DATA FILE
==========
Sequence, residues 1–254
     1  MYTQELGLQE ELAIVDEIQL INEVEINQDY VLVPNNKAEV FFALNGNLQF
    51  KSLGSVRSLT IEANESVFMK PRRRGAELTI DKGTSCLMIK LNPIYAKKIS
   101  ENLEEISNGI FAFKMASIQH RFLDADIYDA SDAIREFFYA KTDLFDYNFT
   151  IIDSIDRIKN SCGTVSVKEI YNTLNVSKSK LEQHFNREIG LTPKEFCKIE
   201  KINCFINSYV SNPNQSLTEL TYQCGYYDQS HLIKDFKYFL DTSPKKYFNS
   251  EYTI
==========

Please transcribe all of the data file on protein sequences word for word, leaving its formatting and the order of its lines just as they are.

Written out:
Sequence, residues 1–254
     1  MYTQELGLQE ELAIVDEIQL INEVEINQDY VLVPNNKAEV FFALNGNLQF
    51  KSLGSVRSLT IEANESVFMK PRRRGAELTI DKGTSCLMIK LNPIYAKKIS
   101  ENLEEISNGI FAFKMASIQH RFLDADIYDA SDAIREFFYA KTDLFDYNFT
   151  IIDSIDRIKN SCGTVSVKEI YNTLNVSKSK LEQHFNREIG LTPKEFCKIE
   201  KINCFINSYV SNPNQSLTEL TYQCGYYDQS HLIKDFKYFL DTSPKKYFNS
   251  EYTI